These changes would be easier to stomach if we got good symbols in return, but we’re not. J.E.B. Stuart became “Justice” High School, the other Lee High School simply became “Staunton High School,” and “Washington-Lee” was converted into “Washington-Liberty.”
As for Mason and Jefferson, their replacement names are “Meridian” and “Oak Street.”
In the words of one Arlington historian, the new names are “sterile.” We’re quickly becoming the flavorless utopia found in the movie ‘Demolition Man.’
In the film, Sylvester Stallone wakes up from a cryo-freeze in a future where, “it’s been deemed that anything not good for you is bad; hence, illegal. Alcohol, caffeine, contact sports, meat,” according to Sandra Bullock’s character.
She goes on to say, “Bad language, chocolate, gasoline, uneducational toys and anything spicy. Abortion is also illegal, but then again so is pregnancy if you don’t have a license.”
The one difference between us and the fictional inhabitants of Demolition Man is that we haven’t consented to what’s being done. We’ve pushed back on removing these symbols in every polite way possible but that’s been ignored because politicians just don’t think we know any better.
Recently, conservatives have compared the removal of symbols to other symbolic purges in history, such as Mao Zedong’s Cultural Revolution in Communist China where emblems of the “bourgeois” as well as ancient customs were expelled from the culture.
However, there’s no need to make cheap comparisons. We’re too free and too aware (and frankly, too well-armed) to allow that kind of societal overhaul.
It’s also true that symbols do not have one true meaning that should hold in perpetuity. Just look at how the swastika’s meaning changed drastically over time.
Let’s be fair about this issue, too. Gradually, more of us are starting to consider these Confederate symbols as unwelcome in public spaces. One of the aforementioned Morning Consult polls showed just that.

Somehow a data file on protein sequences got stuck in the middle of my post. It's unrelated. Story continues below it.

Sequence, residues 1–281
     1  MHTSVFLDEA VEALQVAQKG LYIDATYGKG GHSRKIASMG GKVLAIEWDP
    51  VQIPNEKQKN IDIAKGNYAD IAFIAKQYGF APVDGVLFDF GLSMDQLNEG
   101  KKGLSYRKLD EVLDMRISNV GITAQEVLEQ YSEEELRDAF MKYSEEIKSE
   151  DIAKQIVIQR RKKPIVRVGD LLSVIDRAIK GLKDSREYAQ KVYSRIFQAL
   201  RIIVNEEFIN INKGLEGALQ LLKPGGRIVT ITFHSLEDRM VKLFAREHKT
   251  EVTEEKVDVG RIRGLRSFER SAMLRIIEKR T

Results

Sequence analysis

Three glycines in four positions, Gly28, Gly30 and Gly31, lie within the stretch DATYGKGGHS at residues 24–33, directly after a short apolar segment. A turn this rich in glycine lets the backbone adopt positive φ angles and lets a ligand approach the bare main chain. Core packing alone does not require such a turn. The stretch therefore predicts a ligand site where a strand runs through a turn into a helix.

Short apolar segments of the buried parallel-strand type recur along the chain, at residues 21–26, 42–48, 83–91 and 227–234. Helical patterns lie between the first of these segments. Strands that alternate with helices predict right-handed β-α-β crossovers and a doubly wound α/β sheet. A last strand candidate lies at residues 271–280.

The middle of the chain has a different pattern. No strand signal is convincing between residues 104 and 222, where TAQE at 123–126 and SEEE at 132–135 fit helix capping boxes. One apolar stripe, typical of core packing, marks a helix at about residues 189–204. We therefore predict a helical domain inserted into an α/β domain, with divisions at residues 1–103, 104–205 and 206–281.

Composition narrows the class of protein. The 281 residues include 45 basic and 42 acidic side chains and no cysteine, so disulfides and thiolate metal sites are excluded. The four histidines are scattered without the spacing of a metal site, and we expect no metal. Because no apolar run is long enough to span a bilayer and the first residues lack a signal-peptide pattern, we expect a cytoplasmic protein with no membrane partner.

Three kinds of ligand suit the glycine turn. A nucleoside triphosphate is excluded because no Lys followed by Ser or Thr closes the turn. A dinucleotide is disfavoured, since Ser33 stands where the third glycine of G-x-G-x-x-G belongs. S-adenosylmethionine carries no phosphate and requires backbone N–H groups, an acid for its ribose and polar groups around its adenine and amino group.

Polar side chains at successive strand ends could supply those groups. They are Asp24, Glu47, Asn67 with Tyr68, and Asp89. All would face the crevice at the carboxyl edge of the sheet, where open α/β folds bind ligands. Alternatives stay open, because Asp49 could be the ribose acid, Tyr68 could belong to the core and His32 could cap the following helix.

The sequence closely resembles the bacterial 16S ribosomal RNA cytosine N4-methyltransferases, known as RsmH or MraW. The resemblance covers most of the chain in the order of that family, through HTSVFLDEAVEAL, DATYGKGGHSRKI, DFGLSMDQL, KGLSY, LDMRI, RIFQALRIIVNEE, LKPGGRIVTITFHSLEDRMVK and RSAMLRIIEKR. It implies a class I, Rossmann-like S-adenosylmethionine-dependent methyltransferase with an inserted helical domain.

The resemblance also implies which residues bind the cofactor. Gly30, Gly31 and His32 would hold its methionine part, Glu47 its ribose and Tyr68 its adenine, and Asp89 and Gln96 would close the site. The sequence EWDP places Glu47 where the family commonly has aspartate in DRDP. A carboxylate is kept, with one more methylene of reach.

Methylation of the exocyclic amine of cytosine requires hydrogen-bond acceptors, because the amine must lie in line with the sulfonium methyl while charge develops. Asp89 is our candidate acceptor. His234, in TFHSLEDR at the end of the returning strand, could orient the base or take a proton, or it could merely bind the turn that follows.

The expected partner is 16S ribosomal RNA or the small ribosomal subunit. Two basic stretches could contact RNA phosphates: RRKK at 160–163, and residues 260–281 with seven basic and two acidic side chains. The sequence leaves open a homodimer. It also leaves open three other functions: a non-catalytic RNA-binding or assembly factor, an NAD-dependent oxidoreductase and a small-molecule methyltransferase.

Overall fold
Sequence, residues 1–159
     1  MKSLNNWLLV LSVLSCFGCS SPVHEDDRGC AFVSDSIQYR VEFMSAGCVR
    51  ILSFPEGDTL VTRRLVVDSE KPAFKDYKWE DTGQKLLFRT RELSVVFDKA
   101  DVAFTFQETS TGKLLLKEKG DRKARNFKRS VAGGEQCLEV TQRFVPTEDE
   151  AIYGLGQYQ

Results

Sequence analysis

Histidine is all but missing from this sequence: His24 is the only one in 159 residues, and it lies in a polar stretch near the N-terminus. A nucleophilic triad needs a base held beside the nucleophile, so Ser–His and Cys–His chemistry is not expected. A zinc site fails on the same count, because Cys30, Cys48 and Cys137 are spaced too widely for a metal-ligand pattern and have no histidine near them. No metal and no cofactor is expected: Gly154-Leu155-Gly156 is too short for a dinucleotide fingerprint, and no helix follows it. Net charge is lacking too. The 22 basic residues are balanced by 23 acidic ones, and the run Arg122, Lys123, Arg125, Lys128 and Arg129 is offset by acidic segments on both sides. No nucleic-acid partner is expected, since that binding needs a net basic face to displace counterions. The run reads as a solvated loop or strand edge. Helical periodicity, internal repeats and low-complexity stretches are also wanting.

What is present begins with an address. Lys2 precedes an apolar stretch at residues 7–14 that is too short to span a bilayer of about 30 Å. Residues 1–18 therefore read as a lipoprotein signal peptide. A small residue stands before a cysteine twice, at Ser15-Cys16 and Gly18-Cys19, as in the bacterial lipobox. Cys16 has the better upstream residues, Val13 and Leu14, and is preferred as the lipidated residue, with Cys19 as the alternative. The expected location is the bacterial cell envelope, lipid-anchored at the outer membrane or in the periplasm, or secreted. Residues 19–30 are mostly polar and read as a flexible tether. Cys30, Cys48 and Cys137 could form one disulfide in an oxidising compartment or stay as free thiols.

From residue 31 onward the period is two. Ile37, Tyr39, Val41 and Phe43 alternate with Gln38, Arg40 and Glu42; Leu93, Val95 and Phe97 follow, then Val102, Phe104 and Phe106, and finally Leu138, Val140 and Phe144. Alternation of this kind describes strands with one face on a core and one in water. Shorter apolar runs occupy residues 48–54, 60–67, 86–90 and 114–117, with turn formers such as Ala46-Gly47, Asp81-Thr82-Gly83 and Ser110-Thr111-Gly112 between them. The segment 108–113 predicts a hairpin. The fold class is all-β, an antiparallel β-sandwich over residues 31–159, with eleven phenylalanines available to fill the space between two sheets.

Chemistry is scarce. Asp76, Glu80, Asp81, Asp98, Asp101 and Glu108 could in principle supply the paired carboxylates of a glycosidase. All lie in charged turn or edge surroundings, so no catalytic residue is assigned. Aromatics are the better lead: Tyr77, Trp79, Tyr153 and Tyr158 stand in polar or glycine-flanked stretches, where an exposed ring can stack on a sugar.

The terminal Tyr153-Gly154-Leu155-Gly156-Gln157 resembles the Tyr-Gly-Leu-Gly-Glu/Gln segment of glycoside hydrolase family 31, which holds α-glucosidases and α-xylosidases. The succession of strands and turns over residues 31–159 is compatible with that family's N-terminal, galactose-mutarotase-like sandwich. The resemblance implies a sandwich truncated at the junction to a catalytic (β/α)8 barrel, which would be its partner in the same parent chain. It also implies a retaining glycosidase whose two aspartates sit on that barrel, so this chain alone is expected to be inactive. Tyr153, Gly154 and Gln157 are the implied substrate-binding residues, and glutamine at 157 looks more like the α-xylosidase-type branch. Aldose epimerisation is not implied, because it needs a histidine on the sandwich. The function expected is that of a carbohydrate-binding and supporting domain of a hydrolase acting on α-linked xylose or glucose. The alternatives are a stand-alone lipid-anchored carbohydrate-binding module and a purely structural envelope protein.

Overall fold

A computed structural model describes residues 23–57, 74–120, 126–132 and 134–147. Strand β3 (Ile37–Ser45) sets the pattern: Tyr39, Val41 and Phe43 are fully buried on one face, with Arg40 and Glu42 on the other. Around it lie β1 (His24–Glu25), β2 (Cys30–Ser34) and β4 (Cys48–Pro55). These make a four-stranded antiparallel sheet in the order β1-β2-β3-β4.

Evolving on topics is natural and should be supported. That’s how we improve as a country.
However, taking people’s 50-50 split on what they think of these symbols as permission to dictate what they want it to be is abhorrent behavior for our politicians. It robs us of our ability to set the tempo on how we progress on these topics as a community.
More so, it makes us feel like we’re not in control of the physical environment we’re a part of.
That’s why we’re losing our will to fight these battles anymore. Those “sterile” names are chosen because they don’t offend anyone.
For instance, one of the suggested names to replace the Jefferson school in Falls Church was a nearby creek.
However, because the creek had flooded previously — as creeks are wont to do — the school board decided against the name for fear of alienating people who experienced that flooding. Come on.
It’s come to a point where people are averse to choosing anything that could trip someone’s neurosis trigger years down the line.
This tendency isn’t only targeting symbols that conservatives care about either. Those pink “pussy” hats that came about during the 2017 Women’s March were disbanded within a year because they supposedly excluded trans women.
“I personally won’t wear one because if it hurts even a few people’s feelings, then I don’t feel like it’s unifying,” said one organizer,
Whatever happened to honoring contemporary arts’ founding principle about evoking a reaction? Those artists should be rolling in their studios at how quickly we’ve detached from our symbols entirely out of fear of getting the wrong reaction. Instead, preferring something docile, but also emotionally barren, as the representation of us.
This monopoly on meaning is why we can no longer have symbols that stand for anything. When it appears as if our symbols and their interpretations are imposed on us, rather than reflecting how we truly feel, it kills our connection to them as a result.
If people can’t connect to where they live, then how do you expect them to want to invest in their community, or neighborhood, or even each other?
We believe we’ve “arrived” by disposing of these symbols, so those figures no longer need to grace our eyes at a park or a school. Really what we’re doing is showing how little we care to learn more about ourselves.